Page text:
Lew Terry ( Property Manager): If it was up to me, I’d never even rent to Nighttrippers—those Daytimer kids who switch over. It’s just to irk their parents, they convert. Those delinquents feel compelled to live into every negative stereotype they have about Nighttime culture—loud music and boosting drug highs—but the housing statute says a minimum of 10 percent of your units you have to make available to converts. Casey moved in with nothing, maybe one suitcase, into Unit 3-E. You could go look, only the door’s still sealed with police tape.
Todd Rutz: The kid with the sock, he’s chewing at the knot with his teeth, and inside the toe you can hear coins clinking together. My point being, that sound makes me glad I buzzed the kid inside. I can tell the sound of silver from copper and nickel. Running my shop so long, I can hear coins rattle and tell you if they’re twenty-two-or twenty-four-karat gold. Just from the sound I hear, I’d chew on that stinking, dirty sock with my own teeth.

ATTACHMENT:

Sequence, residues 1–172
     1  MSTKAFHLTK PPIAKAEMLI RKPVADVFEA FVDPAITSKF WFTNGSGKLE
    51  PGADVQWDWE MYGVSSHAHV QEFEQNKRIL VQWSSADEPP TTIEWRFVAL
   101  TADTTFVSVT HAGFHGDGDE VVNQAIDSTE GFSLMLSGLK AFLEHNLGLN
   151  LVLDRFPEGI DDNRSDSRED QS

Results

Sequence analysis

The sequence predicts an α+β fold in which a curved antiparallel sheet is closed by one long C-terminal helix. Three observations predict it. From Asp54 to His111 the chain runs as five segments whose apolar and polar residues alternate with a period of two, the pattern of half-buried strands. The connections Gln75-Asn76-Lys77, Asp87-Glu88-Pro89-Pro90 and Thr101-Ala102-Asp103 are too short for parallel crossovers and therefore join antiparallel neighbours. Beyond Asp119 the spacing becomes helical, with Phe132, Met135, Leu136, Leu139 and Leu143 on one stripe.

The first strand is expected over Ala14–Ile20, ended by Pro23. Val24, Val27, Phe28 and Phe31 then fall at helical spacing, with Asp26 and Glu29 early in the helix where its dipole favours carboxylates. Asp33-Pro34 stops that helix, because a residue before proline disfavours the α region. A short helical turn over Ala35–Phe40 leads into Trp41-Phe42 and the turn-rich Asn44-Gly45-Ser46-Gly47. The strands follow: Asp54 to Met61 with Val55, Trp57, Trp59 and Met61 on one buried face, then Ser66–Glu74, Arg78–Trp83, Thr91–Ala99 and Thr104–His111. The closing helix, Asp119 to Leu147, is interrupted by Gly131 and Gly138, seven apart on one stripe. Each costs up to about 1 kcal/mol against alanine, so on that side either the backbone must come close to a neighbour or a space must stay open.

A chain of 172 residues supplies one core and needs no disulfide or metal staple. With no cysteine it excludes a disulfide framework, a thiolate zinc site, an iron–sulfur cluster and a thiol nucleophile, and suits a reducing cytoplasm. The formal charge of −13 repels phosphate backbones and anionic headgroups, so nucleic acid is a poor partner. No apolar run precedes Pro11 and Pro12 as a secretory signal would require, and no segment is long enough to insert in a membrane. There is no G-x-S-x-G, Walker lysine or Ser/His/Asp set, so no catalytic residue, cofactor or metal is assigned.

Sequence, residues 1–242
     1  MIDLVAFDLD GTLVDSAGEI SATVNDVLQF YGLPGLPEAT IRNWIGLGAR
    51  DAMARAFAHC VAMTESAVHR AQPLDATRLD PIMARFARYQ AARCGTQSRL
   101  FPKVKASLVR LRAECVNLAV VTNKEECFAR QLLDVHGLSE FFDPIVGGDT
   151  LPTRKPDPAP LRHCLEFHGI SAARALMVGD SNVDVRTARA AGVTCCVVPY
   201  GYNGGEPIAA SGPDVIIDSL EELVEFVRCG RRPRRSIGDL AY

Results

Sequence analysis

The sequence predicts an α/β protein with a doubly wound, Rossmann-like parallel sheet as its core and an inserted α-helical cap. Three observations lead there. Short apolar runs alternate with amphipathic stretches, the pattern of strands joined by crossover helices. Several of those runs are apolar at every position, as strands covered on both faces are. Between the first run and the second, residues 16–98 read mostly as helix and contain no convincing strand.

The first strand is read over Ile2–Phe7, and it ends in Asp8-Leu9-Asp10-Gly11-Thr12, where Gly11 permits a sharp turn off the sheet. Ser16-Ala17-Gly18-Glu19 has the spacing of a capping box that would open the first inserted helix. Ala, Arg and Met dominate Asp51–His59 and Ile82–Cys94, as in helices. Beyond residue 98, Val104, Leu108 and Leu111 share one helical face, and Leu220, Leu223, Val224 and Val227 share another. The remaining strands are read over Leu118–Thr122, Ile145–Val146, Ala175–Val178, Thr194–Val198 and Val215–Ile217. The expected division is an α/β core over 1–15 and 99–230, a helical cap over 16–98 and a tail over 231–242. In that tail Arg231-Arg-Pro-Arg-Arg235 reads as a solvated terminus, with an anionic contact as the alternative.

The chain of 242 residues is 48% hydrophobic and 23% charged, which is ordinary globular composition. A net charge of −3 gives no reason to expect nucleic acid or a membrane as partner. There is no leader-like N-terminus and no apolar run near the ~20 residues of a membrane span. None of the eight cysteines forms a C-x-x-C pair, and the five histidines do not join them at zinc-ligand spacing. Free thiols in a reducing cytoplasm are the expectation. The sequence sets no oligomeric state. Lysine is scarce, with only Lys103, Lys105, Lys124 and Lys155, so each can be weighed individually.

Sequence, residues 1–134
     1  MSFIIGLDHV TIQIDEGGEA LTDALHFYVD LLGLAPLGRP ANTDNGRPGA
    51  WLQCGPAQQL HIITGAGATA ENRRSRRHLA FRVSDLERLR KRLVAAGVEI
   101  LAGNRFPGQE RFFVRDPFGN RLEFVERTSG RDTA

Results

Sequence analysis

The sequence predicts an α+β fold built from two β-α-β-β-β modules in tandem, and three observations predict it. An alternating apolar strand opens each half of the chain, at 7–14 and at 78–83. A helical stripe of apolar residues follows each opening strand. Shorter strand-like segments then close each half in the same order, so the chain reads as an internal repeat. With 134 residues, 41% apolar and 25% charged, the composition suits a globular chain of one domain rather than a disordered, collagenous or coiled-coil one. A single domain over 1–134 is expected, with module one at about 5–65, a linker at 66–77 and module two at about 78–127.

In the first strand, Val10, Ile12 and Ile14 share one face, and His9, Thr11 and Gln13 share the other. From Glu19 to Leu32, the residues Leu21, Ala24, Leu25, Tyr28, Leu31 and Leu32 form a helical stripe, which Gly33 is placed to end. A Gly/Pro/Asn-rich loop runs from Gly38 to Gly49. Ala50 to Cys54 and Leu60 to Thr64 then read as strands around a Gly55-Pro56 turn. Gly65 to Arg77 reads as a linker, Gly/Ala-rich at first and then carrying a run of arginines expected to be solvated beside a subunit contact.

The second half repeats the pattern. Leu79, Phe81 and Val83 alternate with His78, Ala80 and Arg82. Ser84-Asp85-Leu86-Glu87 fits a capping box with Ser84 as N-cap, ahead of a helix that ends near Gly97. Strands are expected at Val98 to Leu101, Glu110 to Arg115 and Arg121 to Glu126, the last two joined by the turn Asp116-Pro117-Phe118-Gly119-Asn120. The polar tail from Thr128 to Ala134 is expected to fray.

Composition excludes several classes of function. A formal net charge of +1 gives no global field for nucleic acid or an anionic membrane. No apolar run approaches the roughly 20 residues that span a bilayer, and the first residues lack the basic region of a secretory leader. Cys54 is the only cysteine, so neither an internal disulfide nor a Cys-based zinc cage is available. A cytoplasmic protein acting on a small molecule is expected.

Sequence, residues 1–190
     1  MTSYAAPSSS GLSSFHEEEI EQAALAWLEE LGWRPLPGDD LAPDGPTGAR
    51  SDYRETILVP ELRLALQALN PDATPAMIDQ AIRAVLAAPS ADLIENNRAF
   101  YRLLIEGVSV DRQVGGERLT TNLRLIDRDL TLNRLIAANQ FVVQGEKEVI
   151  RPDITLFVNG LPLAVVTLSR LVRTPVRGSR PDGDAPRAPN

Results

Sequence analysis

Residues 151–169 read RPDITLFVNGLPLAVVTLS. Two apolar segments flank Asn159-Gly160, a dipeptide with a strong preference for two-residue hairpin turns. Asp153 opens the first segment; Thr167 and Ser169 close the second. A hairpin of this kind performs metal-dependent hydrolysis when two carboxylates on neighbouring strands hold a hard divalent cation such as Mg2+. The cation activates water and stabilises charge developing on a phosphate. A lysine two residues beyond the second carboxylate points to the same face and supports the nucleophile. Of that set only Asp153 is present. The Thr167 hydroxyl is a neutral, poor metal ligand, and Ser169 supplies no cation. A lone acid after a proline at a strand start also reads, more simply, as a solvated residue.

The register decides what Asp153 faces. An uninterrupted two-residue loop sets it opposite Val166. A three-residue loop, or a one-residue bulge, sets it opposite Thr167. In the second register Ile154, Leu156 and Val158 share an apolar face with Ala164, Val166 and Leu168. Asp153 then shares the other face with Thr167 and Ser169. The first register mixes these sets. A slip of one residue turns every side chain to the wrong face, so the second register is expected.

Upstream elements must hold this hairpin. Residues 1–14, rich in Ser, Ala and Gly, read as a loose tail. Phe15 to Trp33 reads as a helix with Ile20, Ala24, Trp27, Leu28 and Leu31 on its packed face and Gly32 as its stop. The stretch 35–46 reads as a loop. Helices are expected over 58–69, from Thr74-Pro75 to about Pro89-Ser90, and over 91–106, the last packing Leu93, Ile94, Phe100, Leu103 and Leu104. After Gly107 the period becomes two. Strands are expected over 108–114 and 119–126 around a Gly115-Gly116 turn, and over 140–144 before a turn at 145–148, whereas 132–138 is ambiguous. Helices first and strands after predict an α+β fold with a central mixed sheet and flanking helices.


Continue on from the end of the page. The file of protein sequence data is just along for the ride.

Jeff Pleat ( Human Resources Director): According to our records, we engaged Buster Casey for two weeks in the capacity of dishwasher. By apparent coincidence, during the brief span of his employment with us, some sixteen dinner guests encountered foreign objects in their food. These ranged from steel paper clips to a buffalo nickel dated 1923.
Todd Rutz: The kid slides an arm inside the sock, all the way up to his skinny elbow, and he drags out a fistful of…we’re talking impossible coins. It wouldn’t matter how bad they smell. A 1933 gold twenty-dollar in gem condition. A 1933 gold ten-dollar, uncirculated. An 1879 four-dollar piece, the Liberty with the coiled hair, near-gem condition.
Jarrell Moore ( Private Investigator): My statement for the record is, Buster Landru Casey, aka “Rant” Casey, did contact me via the telephone and did arrange an appointment to discuss my services toward locating a missing biological father. At that time, I informed the potential client that my base fee was one thousand dollars per week, plus expenses. Said potential client assured me the expense would not be an issue.